Money that federal workers invest this month in their new tax-deferred savings plan will earn 8 1/2 percent interest. That is down from the 8 5/8 percent interest rate the fund was paying in June, and reflects the drop in the interest rate of long-term (four years or more) Treasury Department securities.
Federal and postal employes are now putting $5 million per day into the payroll deduction plan that is part of the new Federal Employees Retirement System. All investments this year are limited to a special G-fund made up of Treasury securities. Next year workers who are part of the FERS system can invest in two additional options, one offering a fixed-rate of interest and the other a higher risk/higher reward stock market fund. Employes can change their investment options, start, stop, increase or decrease their deductions twice each year.
The G-fund interest rate changes monthly. When the program started in April it was 7 5/8 percent, and in May it rose to 8 3/8 percent.
Workers covered by the FERS program -- that is nearly everybody hired since the start of 1984 -- can invest up to 10 percent of their salary this year (or a maximum of $7,000) into the fund. Anyone putting in 5 percent or more gets a matching 5 percent tax- deferred contribution from Uncle Sam.
Workers still covered by the old Civil Service Retirement System (those hired before 1984) can invest 5 percent of salary into the tax-deferred plan, but they will not get matching government contributions unless they move into the new FERS program. The open season for switching to the new FERS pension plan runs through Dec. 31.Union News The National Treasury Employees Union is urging the Senate Judiciary Committee to take a hard look at Supreme Court nominee Robert Bork. While conceding that Bork has been a "decent, intelligent" U.S. Court of Appeals judge, NTEU President Robert Tobias says Bork on the court would be "the decisive vote for rolling back hard-won rights and liberties already worn thin."Beth Moten has moved up to be legislative director for the National Federation of Federal Employees. She succeeds Tricia Thomas as NFFE's chief lobbyist.The Joint Bargaining Committee of the two major postal unions says last weekend's picketing exercise was a morale-booster, and sent a message to management. U.S. Postal Service contracts with the National Association of Letter Carriers and the American Postal Workers Union expire this month.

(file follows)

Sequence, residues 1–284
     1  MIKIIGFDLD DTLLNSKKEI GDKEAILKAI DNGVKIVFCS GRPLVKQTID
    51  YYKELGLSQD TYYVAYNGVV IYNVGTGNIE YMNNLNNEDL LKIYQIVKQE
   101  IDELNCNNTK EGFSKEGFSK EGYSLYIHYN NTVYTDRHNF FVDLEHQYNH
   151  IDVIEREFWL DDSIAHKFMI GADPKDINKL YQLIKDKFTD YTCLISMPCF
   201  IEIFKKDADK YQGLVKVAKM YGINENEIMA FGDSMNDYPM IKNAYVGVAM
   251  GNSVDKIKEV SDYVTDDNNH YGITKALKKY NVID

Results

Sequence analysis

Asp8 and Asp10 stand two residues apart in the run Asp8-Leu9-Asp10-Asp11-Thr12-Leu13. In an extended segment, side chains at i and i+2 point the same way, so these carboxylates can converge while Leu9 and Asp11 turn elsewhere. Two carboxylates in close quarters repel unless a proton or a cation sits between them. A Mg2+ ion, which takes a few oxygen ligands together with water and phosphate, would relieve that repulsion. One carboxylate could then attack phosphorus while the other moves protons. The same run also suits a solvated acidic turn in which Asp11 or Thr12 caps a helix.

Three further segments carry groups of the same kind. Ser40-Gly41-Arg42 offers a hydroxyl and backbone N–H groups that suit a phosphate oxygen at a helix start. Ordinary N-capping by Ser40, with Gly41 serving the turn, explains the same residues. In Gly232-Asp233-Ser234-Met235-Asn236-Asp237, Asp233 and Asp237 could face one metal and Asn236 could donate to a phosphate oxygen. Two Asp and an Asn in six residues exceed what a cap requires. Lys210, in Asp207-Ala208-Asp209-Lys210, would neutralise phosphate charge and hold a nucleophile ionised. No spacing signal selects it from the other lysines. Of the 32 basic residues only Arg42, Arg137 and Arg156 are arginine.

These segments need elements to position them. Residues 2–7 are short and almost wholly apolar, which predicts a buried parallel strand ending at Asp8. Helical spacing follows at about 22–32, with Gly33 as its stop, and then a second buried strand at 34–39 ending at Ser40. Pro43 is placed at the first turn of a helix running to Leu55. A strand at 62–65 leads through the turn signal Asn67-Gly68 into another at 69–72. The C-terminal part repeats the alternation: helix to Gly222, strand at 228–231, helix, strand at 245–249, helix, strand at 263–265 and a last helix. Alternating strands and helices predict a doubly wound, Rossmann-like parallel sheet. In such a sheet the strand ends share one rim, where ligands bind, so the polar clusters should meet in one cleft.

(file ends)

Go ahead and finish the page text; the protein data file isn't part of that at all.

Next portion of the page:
An estimated 6,000 union members participated in the show of support and put up an informational picket line around postal headquarters. They were joined by a contingent of white-collar federal workers from the American Federation of Government Employees union local in Baltimore. Job Mart
Agriculture in Hyattsville is looking for a writer-editor, Grade 5 or 7. Call 436-7776.
General Services Administration wants an executive director ($64,700 to $77,500) for its public buildings service. Call W.B. Snear at 566-1207. GSA also is looking for a GS 14 agency liaison manager. Call Karen Gough at 566-1805.
Office of Justice Programs wants a personnel actions clerk (typing), GS 4 through 6; a clerk-typist, GS 4; and a grants technical assistant, GS 5 through 7. Call 724-7725.
Consumer Product Safety Commission needs a GS 5/6 secretary (typing); a GS 2 through 4 clerk-typist and a GS 4/5 clerk (typing). Call 492-6500.